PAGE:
What do you know about the overload for HPLC columns?
Column overload is a problem we all try to avoid when doing analytical method development because column overload will cause distortion of peak shapes and low theoretical column numbers.
Especially when we are doing method development, it is often encountered that a group of analytes contains both a high concentration of the main component (the active ingredient of the drug) and a very low concentration of impurities (process impurities, degradation impurities). In order to take into account the sensitivity of the low-concentration impurities, the injection volume needs to be increased or the injection concentration needs to increase to ensure the accuracy of quantification. Therefore, sometimes it will cause the overloading of the column.
Mass overload, also known as concentration overload, is a phenomenon that occurs when the stationary phase near the peak band of a spectrum is saturated due to a high injection concentration in a small volume (volume not overloaded), i.e., the injection of a component exceeds the loading capacity of the column and overload occurs. This is generally manifested as a trailing peak shape and low column efficiency.
In the case of a small volume injection, if the mass is not overloaded, as the sample volume increases (a<b<c), the spectral peak area increases accordingly (Aa<Ab<Ac), but the peak width does not increase accordingly. The spectral peaks also appear normal.
As the amount of sample continues to increase, the sample entering the column reaches saturation and the spectrum is distorted.
From Figure 2, it can be seen that the peak width of the spectral peak increases as the sample feed mass continues to increase, and eventually becomes a right triangle shape, while the theoretical tower number of the spectral peak also continues to decrease. Usually, for a column with an inner diameter of 4.6 mm, the sample loading capacity is <50 μg. If the method transfer to other columns is done, the injection volume needs to be adjusted to prevent overloading.
The sample loading is mainly related to the nature of the stationary phase of the column and the analyte to be analyzed. Firstly, different stationary phase types and brands can cause large differences in sample loading. Secondly, the nature of the analytes to be analyzed also directly affects the column sample loading. For example, basic compounds in an ionic state can be easily overloaded, not only to the order of <50 μg, but sometimes even 1 μg can cause overloading. Therefore, in the conventional hydrophobic reversed phase, the molecular state of basic compounds has a higher sample loading than the ionic state of basic compounds. The reason for this is that the mutual repulsion between ionic states makes it easier to saturate the stationary phase surface with the component to be analyzed and causes overload. Also, the positively charged basic compounds in the ionic state are more likely to have secondary interactions with the unbonded active silica hydroxyl groups in the stationary phase. The simplest way to address the mass overload problem is to reduce the injection volume.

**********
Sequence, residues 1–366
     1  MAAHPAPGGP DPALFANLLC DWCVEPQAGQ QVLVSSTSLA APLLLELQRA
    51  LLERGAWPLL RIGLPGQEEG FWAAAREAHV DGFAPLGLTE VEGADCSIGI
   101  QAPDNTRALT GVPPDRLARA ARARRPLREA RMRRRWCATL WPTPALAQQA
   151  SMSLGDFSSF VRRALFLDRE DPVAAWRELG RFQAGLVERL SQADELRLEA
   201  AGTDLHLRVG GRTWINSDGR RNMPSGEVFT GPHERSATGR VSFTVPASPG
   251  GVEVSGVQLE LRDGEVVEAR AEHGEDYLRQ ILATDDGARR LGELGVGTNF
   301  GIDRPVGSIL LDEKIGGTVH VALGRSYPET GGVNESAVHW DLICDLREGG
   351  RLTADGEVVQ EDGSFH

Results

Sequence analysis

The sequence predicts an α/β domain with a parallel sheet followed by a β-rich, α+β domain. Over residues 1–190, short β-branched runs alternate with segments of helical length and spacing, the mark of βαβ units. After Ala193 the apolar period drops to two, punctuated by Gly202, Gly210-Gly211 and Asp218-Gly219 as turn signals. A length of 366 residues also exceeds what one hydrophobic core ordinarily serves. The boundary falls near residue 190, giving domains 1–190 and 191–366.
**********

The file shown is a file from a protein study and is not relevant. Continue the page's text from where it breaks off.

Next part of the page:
In addition, overloading in mixed sample feeds can lead to changes in peak retention times.
For example, in Figure 3, A' and B' are the retention separations for the AB component alone, and A, and B, are the retention separations for the mixed sample. The overloaded B remains stable regardless of whether the sample is fed alone or mixed, while A has an earlier retention time when mixed due to the presence of excess B.
Although the overload of each component is relatively independent, the separation problems are caused during the mixed sample injection. This is due to the influence of the environment on the components. Among other things, the overloading of a component is likely to cause a change in retention time during the mixed injection relative to that during the separate injection.
Too large an injection volume usually results in a wide flat-headed peak.
As can be seen from Figure 4, the peak width gradually becomes wider and the peak separation decreases as the injection volume increases.
In addition, the volume overload also affects the peak retention time, with the volume overload having a greater effect on the components with short retention time and a smaller effect on the peaks with later outflow.
The dashed line in Figure 5 shows the normal volume injection, and the solid line chromatogram shows the chromatogram after volume overload.
So, how to choose the proper injection volume?
The maximum volume of sample injection allowed at the optimal flow rate is as below.
Where: L is the column length (mm), dc is the inner diameter (mm), dp is the particle size (μm)
The commonly used parameters of each specification column are as follows.
|Column Inner-diameter/mm||Column Length/mm||Particle Size/um||Maximum injection volume /uL|
Although the data in the above table is calculated strictly according to the formula, this data is not absolute.
Chromatography is an empirical science that need more practice.